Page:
By Kyle Aristophere T. Atienza, Reporter
THE PHILIPPINES’ national security strategy should also protect strategic industries, political analysts said on Sunday, as the government resumes free trade talks.
Threats posed by global events such as foreign interventions and cyber-attacks should also be considered in the country’s security planning, they added.
“In terms of national security, the contemporary conversation now is on human security at large,” said Hansley A. Juliano, a political economy researcher studying at Nagoya University’s Graduate School of International Development in Japan.
“Developing countries are being confronted with the question of how secure the quality of life of people really is,” he said in a Facebook Messenger chat.
Mr. Juliano said the coronavirus pandemic, climate change and other environmental challenges “already showed us how nontraditional threats to quality of life can cause greater damage than just mere external military invasion or insurgencies.” Clarita A. Carlos, President Ferdinand R. Marcos, Jr.’s national security adviser, has said the government would veer away from the US concept of national security, which she said has a bias for the military perspective.
The previous government had been criticized for using militarist solutions to national problems, including the global pandemic.
National security should also focus on the “economic life” of the country, Ms. Carlos said last month. Access to food, energy and water should also be considered as a security concern, she added.
The Philippine Senate failed to ratify a free trade agreement involving Australia, China, Japan, South Korea, New Zealand and other Southeast Asian countries.
Senators did not approve the trade deal due to fears that it might damage the agriculture sector and other local industries. Aside from the Philippines, Indonesia and Myanmar also did not approve the trade.
Joseph Purugganan, program coordinator at the policy research group Focus on the Global South, said the Philippines must be prepared because there is “a geopolitical agenda” seeking to cement a free trade agreement landscape in Asia.
“All the big economies are pursuing their own trade and investment strategies using a host of bilateral, regional and international platforms and arrangements in order to advance their economic and security interests,” he said in an e-mail.
“Both the European Union and US are looking at Asia in developing their economic pivot strategies to counter China’s influence in the region and advance their own strategic interests.”
Mr. Purugganan said the government must build and strengthen its domestic economy and manufacturing capacity, while cutting its overdependence on global supply chains.
“Our economic resilience depends on strengthening our own capacities to withstand global and regional shocks,” he said. “While we should not retreat from international cooperation, our engagement should be driven more by this goal to strengthen the domestic economy rather than a more outward, export-oriented strategy.” Mr. Marcos, 64, has committed to strengthen the country’s industries, vowing to boost local food production and limit imports as much as possible. Mr. Purugganan said the government should identify the minerals key to the economic and national security of the Philippines and plan how they should be extracted, used locally and exported. “The big powers are doing that and so should developing countries like the Philippines.”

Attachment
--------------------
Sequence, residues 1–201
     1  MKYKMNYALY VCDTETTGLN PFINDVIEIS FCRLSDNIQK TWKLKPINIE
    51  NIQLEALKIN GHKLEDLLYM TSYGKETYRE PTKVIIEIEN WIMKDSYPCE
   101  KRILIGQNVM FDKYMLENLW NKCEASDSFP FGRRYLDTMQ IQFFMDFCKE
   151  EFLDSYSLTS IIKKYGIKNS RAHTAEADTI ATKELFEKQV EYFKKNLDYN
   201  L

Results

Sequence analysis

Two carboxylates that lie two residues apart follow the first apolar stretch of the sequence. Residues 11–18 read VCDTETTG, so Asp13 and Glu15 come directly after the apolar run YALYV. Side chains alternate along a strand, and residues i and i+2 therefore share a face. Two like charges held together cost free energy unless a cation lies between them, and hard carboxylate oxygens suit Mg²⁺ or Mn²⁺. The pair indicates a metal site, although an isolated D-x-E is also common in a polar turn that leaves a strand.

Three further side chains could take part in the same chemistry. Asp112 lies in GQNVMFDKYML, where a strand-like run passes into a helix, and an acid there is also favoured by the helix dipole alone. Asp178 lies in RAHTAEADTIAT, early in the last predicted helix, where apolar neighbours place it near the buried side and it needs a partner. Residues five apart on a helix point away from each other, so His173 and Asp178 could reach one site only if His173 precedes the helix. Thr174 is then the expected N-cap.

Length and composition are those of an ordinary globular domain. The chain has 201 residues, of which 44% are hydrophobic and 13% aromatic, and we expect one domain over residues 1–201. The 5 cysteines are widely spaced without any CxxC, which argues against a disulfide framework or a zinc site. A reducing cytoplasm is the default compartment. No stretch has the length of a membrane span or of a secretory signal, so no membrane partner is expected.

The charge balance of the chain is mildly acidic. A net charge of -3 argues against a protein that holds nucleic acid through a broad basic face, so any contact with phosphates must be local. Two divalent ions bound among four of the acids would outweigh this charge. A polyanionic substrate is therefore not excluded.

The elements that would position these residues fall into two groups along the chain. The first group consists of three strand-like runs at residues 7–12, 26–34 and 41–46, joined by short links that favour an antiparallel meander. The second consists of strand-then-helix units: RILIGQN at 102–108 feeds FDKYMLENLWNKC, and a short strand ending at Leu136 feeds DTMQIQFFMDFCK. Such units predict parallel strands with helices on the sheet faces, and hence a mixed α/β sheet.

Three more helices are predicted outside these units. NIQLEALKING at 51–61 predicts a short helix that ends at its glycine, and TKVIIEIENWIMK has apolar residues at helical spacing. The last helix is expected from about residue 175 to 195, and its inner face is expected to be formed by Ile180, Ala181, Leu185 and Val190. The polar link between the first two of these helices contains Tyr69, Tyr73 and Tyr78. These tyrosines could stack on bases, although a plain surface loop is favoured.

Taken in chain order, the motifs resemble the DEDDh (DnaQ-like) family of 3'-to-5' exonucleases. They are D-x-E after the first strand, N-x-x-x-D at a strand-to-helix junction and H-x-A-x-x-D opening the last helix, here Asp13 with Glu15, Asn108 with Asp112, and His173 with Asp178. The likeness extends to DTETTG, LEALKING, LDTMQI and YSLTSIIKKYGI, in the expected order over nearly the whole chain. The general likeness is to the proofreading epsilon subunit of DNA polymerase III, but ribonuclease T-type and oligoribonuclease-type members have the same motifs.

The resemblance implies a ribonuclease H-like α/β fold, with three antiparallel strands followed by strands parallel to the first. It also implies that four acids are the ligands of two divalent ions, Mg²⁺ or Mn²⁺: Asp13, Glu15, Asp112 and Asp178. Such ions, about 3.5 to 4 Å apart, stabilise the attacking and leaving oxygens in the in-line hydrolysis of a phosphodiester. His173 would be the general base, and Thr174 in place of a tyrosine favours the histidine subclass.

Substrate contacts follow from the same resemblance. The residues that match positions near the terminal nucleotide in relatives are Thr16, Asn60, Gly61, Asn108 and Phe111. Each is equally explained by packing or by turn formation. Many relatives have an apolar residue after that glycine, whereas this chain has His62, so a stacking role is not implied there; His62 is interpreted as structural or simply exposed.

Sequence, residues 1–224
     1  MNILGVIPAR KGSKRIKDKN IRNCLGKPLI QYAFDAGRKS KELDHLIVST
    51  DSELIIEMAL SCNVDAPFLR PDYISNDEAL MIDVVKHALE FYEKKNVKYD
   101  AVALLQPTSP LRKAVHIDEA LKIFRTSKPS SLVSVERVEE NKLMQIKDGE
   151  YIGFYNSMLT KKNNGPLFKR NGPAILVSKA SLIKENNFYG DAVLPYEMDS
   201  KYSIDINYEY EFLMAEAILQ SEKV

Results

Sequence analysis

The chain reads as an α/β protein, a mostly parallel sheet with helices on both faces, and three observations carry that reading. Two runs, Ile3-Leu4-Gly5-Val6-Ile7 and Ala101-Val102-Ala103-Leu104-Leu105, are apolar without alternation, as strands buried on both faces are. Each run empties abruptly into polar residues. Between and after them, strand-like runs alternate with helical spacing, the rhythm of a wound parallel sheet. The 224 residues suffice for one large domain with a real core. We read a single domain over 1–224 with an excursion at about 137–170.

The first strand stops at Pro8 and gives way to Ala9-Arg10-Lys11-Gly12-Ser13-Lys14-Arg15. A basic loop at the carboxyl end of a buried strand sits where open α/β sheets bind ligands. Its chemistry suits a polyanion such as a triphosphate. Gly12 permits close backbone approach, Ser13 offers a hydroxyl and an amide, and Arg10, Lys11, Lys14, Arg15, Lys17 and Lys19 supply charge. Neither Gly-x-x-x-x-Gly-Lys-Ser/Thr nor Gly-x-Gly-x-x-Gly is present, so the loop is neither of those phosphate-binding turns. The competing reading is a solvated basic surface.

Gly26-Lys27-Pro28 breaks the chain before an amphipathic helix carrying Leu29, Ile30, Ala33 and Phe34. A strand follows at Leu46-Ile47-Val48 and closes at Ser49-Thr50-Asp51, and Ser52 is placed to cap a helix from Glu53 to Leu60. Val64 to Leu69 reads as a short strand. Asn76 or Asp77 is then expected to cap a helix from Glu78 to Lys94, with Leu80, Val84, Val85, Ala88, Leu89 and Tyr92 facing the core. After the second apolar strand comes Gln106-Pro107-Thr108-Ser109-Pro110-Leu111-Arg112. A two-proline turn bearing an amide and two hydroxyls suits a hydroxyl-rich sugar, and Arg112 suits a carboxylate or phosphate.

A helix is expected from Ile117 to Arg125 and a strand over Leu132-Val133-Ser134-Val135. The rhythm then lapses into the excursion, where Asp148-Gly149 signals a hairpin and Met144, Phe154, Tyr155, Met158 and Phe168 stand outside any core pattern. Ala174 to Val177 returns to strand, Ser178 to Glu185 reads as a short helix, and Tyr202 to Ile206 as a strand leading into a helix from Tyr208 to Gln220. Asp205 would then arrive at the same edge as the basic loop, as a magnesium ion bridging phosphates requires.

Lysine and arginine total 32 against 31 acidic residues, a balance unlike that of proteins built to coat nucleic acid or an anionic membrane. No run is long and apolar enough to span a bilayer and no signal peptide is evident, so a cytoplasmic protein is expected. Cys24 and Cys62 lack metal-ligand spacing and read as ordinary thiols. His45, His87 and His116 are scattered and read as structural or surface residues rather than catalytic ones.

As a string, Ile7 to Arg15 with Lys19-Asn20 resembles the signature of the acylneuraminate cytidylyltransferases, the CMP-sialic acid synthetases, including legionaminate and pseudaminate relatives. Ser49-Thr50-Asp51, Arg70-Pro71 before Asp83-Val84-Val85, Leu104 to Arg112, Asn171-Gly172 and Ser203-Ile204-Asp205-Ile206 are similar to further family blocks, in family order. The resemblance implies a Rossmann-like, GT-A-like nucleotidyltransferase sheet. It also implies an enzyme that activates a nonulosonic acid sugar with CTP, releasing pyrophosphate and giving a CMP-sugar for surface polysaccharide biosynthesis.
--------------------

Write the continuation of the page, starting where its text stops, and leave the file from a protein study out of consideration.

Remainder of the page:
“Mega free trade agreements pry open our economies, including critical areas that impact food security, natural resource utilization, land ownership, energy and water,” he said. “Yet the government approaches these talks primarily through the lens of corporate interests.”
The experts said the country’s security plan should also consider how the open data market, which is controlled by private companies, poses threats to public security.
“The main currency of the global economy is not exactly material goods or finance anymore, but data,” Mr. Juliano said. “Any data and metadata being produced right now by the global economy is controlled, utilized and upcycled by big tech companies.”
“We are inevitably on the path to digitalization, which means that cyber-security must be a top national security priority,” said Michael Henry Ll. Yusingco, a policy analyst who used to work with the Ateneo Policy Center.
‘BLUE ECONOMY’“A lot of great things have been done on this front, but the goal should be for our country to be a leader in this field and not merely the recipient of aid from other nations.”
Mr. Yusingco said the country’s security planners should also consider the fact that the Philippines is an island nation. “This means securing our seas and protecting our maritime resources must be the top priority.”
He said the national security framework should also meet the demands of a blue economy paradigm, which calls for the sustainable use of ocean resources for economic growth.
“There is a vast pool of human resources that can be tapped for national security goals,” Mr. Yusingco said. “This means strategically utilizing this resource to make the country a maritime and cyber-security power.” Academics have said the Philippines’ security management in relation to its foreign policy has been bogged down by political partisanship and the failure of administrations to involve nongovernment sectors.
Mr. Marcos has canceled China’s funding commitment for railway projects worth $4.9 billion after it failed to respond to the Philippine government’s loan application struck by ex-President Rodrigo R. Duterte.
Mr. Duterte had been criticized for gambling Philippine territories in exchange for investment pledges, most of which have never materialized into actual projects.
“The underpinning principle of the national security framework should always be to protect and defend our maritime resources,” Mr. Yusingco said.